If there is one thing you can't escape when visiting Hanoi, that would probably be Ho Kiem Lake. It is a man-made lake - one of many built around the city. Clearly, it is the focal point of social and civic life in Hanoi.
According to legend, a 15th century emperor received a magical sword from heaven to drive away the Chinese. After emerging victorious from the war (why do you think Vietnam is not a province of China?), the emperor saw a giant golden tortoise which snatched the magical sword from the emperor, and then disappeared into the lake. Hence, the name, Ho Hoan Kiem - in English, Lake of the Restored Sword.
This delightful tower stands on its own little island in the middle of Hoan Kiem Lake. It was erected in 1886 on Turtle islet, the former fishing site under King Le Thanh Tong. Before it was built, the Restored Le Dynasty (17th and 18th centuries), known as the Trinh Lords, had Ta Vong Temple built on the islet, but this left no trace into the Nguyen Dynasty.
At the northern end of Hoan Kiem Lake, just down the street from the Water Puppet Theatre, sits Ngoc Son Pagoda, or Pagoda of the Jade Mountain. It's on an islet accessed via an old red wooden bridge, the Bridge of the Rising Sun.
The site has been used as a temple since ancient times, but most of the current structures were built during the 19th century. It offers an eclectic variety of forefathers for Vietnamese to pay homage to: the pagoda honours Confucian and Taoist notables, as well as Van Xuong, the spirit of the intellectuals, and national hero Tran Hung Dao, among others. At the entrance to the bridge are two monuments constructed in 1864, one representing an ink brush (a tall tower) and the other an inkwell (a hollow rock held by three frogs). It’s a big tourist attraction due to its location but is also well used by locals who come here to light incense and offer prayers.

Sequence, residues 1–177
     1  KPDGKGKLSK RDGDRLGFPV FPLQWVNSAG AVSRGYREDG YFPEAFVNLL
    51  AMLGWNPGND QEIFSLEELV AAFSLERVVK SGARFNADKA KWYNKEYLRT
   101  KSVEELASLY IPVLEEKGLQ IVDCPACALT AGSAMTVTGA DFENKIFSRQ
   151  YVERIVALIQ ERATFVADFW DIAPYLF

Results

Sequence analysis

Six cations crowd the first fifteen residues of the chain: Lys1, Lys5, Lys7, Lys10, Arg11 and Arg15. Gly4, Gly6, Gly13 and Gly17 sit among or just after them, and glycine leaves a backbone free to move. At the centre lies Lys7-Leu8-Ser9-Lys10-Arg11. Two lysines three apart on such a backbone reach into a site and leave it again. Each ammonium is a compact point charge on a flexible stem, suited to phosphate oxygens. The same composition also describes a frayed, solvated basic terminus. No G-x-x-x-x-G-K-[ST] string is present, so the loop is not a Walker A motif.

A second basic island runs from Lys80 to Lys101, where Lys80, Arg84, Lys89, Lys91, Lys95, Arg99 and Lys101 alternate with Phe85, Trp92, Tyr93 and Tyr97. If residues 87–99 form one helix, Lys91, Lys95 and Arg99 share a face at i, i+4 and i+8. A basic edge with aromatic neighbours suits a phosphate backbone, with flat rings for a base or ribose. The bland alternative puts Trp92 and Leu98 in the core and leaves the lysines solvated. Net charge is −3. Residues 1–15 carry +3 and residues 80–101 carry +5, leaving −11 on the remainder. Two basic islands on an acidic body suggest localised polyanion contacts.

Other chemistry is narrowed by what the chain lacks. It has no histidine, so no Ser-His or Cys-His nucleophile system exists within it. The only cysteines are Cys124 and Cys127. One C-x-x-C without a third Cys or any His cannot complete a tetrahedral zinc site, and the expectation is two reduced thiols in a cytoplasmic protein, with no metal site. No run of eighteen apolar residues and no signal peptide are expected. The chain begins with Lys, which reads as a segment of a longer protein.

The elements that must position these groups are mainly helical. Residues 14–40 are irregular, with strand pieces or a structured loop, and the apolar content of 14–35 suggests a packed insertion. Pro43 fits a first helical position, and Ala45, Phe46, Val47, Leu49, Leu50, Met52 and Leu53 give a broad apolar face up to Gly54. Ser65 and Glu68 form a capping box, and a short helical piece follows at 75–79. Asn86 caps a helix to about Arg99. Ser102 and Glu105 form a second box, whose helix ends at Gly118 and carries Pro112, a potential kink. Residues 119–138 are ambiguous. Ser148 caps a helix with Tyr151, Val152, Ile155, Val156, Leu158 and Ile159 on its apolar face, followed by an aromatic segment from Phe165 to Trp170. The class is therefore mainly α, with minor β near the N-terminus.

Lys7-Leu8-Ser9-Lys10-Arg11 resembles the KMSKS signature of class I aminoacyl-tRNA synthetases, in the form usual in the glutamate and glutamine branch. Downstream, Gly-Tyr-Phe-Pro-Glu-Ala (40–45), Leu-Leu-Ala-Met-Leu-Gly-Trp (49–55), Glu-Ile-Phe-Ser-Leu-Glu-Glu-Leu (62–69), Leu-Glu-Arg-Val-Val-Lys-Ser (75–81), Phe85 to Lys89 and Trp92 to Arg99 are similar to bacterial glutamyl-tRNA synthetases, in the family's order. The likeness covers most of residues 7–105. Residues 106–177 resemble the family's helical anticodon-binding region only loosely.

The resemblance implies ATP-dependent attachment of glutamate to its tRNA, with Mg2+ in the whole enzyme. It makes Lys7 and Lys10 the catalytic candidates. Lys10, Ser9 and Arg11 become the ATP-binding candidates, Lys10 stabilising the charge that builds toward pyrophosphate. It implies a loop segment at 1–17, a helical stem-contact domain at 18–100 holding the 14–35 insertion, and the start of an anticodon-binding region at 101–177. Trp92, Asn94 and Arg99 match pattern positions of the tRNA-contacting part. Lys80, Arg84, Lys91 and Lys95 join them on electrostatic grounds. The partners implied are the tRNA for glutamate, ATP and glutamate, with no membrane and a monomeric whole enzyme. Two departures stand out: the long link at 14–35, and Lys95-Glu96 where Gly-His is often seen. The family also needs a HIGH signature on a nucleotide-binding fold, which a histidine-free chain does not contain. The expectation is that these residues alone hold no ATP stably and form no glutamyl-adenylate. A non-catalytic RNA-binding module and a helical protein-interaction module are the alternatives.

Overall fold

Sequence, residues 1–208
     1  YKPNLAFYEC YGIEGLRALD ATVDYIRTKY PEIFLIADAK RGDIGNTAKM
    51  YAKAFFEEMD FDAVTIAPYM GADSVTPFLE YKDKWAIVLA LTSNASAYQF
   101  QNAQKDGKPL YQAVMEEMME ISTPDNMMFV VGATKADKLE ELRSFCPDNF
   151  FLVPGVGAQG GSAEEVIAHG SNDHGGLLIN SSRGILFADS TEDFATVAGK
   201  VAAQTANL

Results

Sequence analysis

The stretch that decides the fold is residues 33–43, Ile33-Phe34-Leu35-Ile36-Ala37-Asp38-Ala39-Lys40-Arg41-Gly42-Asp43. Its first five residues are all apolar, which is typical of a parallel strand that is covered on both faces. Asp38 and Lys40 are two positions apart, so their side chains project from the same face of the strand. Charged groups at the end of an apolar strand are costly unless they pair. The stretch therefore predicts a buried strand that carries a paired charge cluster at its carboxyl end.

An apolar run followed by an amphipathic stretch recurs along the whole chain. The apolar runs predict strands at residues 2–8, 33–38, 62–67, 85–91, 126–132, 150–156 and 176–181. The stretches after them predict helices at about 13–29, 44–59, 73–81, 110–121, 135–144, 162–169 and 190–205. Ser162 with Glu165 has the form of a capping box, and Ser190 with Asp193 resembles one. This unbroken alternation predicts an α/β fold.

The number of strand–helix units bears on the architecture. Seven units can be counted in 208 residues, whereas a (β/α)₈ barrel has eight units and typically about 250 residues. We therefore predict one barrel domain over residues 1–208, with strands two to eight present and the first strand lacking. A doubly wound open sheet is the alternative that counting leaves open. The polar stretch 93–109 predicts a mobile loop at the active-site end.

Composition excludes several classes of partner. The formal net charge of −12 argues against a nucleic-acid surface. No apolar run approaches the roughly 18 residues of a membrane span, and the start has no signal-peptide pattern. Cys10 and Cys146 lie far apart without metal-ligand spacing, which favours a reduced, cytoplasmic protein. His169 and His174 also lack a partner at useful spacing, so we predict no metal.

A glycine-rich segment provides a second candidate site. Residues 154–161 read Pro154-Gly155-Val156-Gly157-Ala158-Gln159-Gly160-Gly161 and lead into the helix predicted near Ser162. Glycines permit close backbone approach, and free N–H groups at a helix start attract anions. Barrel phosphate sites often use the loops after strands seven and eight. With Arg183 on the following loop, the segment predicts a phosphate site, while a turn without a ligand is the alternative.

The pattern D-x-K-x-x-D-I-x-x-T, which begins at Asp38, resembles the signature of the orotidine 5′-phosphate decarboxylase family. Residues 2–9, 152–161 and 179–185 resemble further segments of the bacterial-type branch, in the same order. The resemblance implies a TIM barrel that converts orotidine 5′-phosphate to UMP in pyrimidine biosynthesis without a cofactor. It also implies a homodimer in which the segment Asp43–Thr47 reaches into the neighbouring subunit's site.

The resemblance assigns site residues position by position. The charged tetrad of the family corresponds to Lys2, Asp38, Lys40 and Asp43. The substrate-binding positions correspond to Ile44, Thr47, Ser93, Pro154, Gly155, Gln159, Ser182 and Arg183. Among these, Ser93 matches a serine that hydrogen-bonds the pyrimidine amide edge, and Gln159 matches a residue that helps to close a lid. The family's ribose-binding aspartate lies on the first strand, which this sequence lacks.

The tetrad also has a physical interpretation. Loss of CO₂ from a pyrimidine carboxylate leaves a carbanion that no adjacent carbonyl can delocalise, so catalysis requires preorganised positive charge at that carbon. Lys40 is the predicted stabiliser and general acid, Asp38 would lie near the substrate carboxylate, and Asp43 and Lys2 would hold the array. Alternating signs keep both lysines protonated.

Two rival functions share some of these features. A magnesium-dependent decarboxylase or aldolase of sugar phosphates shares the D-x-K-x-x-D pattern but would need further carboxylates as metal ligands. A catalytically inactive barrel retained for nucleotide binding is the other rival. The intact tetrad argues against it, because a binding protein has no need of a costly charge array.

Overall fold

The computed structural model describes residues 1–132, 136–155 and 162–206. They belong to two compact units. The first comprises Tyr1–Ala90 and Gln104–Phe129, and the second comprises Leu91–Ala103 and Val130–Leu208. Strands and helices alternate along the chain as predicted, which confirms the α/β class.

Admission: 3,000 VND.
Hoan Kiem Lake, (meaning “Lake of the Restored Sword”), is located just to the south of the Old Quarter and forms the centrepiece of Hanoi. The name of the lake comes from a legend in which Emperor Le Loi, worried about advancing Chinese, was boating on the lake when a giant tortoise rose from the murky waters. The tortoise presented him with a magical sword with which he could strike down all foes. The tortoise made Le Loi promise to bring back the sword upon the defeat of the Chinese. True to his word, the tortoise rose again to take back the sword following the success of Le Loi's campaign, and since then the lake has been known as the Lake of the Restored Sword. A solitary pagoda, known as the Tortoise Tower, on an islet to the west side of the lake, has been built in the tortoise's honour. At the northern end of the lake sits Ngoc Son Pagoda, which sits on another island known as Jade Island and is connected to the bank of the lake by a red bridge known as Huc Bridge (meaning “Bridge of the Rising Sun”).
In the morning the lake area is crowded with folks out for their morning exercise - running or walking in a circle around the lake or joining in with the many tai chi, martial arts, calisthenics, aerobics, and even ballroom dancing groups that meet in the open areas at water's edge. It also hosts the Tet (Vietnamese lunar New Year) celebrations where fireworks are set off and people let off paper lanterns into the nights sky.